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I cannot find a rigorous definition of what the "proof of possession" attribute means. Different webpages seem to give conflicting definitions:

  1. Some of them say that it means, literally, proving that you possess a value (a key or a password):
    https://www.w3.org/2012/webcrypto/webcrypto-next-workshop/papers/webcrypto2014_submission_8.pdf
    https://idm.unl.edu/4254-proof-possession
    This doesn't seem like a useful definition, though, because almost every crypto operation involves a key, so by this definition, anything would constitute "proof of possession", including just giving the key out to prove you have it.

  2. Some of them say it specifically refers to proof of possession of a private key in a public-private key pair:
    https://help.sap.com/doc/saphelp_nwpi711/7.1.1/en-US/4c/a09b7e1fd9634ae10000000a421392/content.htm
    http://www.convertwriteservices.com/assets/docs/API/certj_reference/javadoc/com/rsa/certj/PKIService.html
    but I think this is probably wrong, as more authoritative sources like https://www.rfc-editor.org/rfc/rfc7800 talk specifically about proof of possession in the context of symmetric keys.

  3. One page which is on an internal company wiki that I cannot share, which says that proof of possession means proving that you possess a value, without sending the value to the other party. Ironically, this is the definition that seems most likely to be correct, since it's most consistent with how people use it, even though I can't find any public-facing webpages giving this definition.

So is it the case that definition #3 is correct and that sources which give definition #1 or #2 are (mildly) wrong?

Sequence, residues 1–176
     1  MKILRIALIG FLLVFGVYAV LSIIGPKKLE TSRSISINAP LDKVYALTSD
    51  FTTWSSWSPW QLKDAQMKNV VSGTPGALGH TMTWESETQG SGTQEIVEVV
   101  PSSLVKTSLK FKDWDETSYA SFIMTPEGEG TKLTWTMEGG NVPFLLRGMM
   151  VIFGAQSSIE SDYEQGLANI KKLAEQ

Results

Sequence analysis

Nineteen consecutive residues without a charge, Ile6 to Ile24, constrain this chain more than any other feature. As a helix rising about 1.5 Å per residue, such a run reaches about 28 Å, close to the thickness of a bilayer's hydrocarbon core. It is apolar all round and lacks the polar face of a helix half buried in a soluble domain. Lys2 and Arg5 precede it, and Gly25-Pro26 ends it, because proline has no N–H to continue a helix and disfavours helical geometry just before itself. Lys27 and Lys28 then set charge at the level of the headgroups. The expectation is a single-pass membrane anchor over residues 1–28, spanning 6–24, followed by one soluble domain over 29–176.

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    $\begingroup$ Could you edit your question to link to pages giving the definitions? $\endgroup$
    – kelalaka
    Oct 14 '20 at 22:29
  • $\begingroup$ @kelalaka when I've done that before, someone usually edits the question to take the URLs out -- the rationale being that Stack Exchange questions & answers are intended to be a knowledge repository that endures even when external links stop working. That makes sense for questions like "What is public key cryptography?", but it makes it hard to ask questions like: "This appears to be a common misconception on the Web, can you clarify if this is correct?" But in this case if you Google "proof of possession" you'll find the same pages I did. $\endgroup$
    – Bennett
    Oct 15 '20 at 18:36
  • $\begingroup$ We don't do it here. If you fear that the external link will stop, you can use the archive.org link for the archived version. That is pretty common on our site. We even use, the edit version of Wikipedia. Remember, the devil in details. Now, go on and edit. I'm pretty sure that you will get an answer to your question after that. $\endgroup$
    – kelalaka
    Oct 15 '20 at 18:40
  • $\begingroup$ OK I have rewritten it to just ask "What is a rigorous definition of 'proof of possession'?" and given links to the conflicting answers $\endgroup$
    – Bennett
    Oct 16 '20 at 19:17
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The closest notion used in the literature seems to be “proof / argument of knowledge” (PoK / AoK). See [GMR, BG] as well as Wikipedia for its definition. Indeed, giving out the key would be a proof of knowledge (but it's not of much interest to cryptography).

The part about “not sending the value to the other party” seems to be related to zero-knowledge (ZK). ZK requires the interaction yields no extra effect beyond the prover convincing the verifier. For example, if a ZKPoK is used to prove possession of a secret key with respect to a public key, then the verifier does not learn any extra practical information about the secret key after being convinced. See [GMR] and Wikipedia.

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